You may notice something has changed in the boats at Fairline as you pay a visit to the builder’s stand at some upcoming boat show.There’s something different about you, you may be inclined to suggest. Have you lost weight? Changed your hair? I can’t put my finger on it...
Try some fine Italian tailoring on for size. The British builder, celebrating its Golden Anniversary this year and under the auspices of a new ownership group, has enlisted Trieste-based superyacht atelier Alberto Mancini Yacht Design to assist its effort at propelling the brand forward.
“Everything we do is about the customer experience—we’re trying to make everything they touch or experience on the boat the best it can possibly be,” says Andrew Pope, head of design for Fairline. “The reason Alberto is involved is exactly that: To take us in a new direction, along a new path. I think it’s important that we respect the past.”
And all parties seem to be doing just that. Fairline invokes some of the past with the Squadron 53, which shares its hull design and engineering with two stablemates, the 53 Open and the Targa 53 GT (see the full test here. ▶), but she definitely has some swagger in her exterior design.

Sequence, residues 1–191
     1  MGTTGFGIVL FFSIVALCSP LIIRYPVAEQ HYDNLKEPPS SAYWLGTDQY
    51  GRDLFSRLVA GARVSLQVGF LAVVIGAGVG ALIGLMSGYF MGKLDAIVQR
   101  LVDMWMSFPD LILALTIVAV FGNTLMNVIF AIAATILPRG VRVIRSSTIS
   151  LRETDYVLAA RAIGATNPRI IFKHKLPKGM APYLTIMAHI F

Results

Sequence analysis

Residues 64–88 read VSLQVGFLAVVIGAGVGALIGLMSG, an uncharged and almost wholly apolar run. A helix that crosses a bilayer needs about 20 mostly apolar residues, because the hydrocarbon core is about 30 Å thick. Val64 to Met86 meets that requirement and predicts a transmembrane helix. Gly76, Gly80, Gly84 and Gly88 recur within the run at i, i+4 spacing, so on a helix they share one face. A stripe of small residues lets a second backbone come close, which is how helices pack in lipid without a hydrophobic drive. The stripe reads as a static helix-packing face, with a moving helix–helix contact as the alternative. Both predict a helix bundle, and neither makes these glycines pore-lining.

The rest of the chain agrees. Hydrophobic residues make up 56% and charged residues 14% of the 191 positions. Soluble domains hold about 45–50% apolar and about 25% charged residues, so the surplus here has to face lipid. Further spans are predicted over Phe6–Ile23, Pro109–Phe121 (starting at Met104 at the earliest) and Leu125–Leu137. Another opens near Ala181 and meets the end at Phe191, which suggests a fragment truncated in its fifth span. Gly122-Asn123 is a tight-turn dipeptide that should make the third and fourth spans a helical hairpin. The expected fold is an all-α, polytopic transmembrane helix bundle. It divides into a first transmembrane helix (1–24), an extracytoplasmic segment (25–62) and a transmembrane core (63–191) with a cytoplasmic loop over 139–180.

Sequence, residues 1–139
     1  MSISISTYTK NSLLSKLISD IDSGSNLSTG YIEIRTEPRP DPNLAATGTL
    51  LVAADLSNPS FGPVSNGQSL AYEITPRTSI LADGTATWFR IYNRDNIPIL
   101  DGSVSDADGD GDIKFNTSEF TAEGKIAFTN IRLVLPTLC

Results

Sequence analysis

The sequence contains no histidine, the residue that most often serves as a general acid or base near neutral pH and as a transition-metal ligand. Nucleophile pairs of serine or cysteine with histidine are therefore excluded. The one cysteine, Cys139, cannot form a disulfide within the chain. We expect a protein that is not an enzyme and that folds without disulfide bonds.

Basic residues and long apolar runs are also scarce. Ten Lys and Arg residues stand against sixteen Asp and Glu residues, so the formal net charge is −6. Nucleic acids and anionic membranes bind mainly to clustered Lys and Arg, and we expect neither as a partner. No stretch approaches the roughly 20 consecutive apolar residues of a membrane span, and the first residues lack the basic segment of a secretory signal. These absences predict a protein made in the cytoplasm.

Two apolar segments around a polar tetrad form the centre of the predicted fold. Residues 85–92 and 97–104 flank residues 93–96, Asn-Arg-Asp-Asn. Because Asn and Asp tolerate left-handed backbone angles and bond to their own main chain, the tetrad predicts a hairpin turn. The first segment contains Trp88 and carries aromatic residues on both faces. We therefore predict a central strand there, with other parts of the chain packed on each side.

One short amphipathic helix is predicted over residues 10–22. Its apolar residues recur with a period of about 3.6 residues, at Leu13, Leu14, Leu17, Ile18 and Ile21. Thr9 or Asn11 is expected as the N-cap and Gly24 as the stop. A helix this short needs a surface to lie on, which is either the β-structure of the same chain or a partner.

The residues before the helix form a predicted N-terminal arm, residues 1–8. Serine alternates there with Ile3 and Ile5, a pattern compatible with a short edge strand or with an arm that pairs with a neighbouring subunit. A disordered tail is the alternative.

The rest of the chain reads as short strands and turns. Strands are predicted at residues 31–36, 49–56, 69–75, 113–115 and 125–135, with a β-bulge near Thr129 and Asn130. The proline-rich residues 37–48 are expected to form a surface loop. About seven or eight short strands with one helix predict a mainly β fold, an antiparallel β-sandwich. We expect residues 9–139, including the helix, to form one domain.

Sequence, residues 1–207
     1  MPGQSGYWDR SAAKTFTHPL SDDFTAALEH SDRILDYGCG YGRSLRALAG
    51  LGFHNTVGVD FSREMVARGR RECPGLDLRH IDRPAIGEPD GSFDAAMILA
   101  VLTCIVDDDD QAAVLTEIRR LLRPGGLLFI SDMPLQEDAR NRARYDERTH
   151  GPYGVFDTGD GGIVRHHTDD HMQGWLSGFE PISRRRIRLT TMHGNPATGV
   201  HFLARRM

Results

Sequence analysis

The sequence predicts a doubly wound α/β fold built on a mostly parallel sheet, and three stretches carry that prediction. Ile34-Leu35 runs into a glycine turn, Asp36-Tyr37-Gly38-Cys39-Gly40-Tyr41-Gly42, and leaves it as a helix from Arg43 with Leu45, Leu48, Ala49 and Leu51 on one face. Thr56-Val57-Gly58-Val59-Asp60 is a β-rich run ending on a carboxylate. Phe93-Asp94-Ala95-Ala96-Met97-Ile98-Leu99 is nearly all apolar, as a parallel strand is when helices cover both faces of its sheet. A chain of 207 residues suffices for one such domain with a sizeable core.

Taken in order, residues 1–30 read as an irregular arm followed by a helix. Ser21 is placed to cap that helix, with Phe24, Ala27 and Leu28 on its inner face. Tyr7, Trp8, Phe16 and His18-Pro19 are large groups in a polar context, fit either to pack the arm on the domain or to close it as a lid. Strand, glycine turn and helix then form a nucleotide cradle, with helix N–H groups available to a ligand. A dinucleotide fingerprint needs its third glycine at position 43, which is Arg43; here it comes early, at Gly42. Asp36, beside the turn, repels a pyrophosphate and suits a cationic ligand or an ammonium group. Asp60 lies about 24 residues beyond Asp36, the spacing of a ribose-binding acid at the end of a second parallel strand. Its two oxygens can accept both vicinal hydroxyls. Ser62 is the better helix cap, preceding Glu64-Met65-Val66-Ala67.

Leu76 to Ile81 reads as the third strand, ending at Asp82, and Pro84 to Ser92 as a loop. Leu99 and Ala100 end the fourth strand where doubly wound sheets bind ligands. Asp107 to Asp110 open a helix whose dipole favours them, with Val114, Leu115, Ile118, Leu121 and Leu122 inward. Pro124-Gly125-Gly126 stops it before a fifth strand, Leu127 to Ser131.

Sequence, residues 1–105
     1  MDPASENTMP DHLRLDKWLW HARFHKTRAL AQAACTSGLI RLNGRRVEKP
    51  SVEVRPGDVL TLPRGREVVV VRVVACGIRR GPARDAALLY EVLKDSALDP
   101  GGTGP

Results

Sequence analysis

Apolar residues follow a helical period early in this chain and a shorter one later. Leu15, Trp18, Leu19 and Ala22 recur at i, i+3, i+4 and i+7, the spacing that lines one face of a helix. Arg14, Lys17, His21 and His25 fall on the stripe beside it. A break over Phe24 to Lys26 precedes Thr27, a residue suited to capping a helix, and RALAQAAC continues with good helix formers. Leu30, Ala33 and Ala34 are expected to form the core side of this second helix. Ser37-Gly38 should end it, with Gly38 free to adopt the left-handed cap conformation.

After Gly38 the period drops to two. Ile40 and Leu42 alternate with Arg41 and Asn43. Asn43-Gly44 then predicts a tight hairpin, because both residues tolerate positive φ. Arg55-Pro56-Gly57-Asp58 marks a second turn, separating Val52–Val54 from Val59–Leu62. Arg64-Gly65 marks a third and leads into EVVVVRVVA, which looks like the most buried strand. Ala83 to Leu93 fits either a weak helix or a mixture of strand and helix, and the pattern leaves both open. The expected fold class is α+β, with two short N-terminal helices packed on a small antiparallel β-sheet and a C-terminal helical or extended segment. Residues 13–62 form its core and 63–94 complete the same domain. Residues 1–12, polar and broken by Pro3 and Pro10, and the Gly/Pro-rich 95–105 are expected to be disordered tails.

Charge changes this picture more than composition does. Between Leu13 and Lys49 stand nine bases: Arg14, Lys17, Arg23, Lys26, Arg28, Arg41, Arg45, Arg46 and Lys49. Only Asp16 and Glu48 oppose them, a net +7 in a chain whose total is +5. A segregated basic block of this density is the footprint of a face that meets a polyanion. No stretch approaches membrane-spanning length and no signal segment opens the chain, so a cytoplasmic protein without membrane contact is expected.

“We restyled the deck using the current hull, but you still can see the DNA and Fairline heritage,” says Alberto Mancini, principal of the firm that bears his name. “It’s immediately recognizable as a Fairline.”
Indeed, there’s some level of improvement built in. Because this Squadron is a motoryacht, and available with three or four staterooms and a variety of configurations, the builder knows the expectations are a bit higher than for express cruisers in the line.
“For the interior we didn’t want to alienate the Squadron 53 from her sisters,” Pope says. “But there are some changes that the extra headroom and the extra volume [from raising the overall height of the boat] create. In the master cabin there was a step down in the headliner that no longer exists.” The boat also offers more headroom in the saloon than the other two models, resulting in more seating room and additional stowage.
Additionally, the saloon windows are even larger than those on the Targa 53 GT, resulting in better views. The additional height means slightly different handling characteristics, but Fairline designed the hull knowing the Squadron variant was coming, so it fits—like a tailored suit.
This article originally appeared in the March 2017 issue of Power & Motoryacht magazine.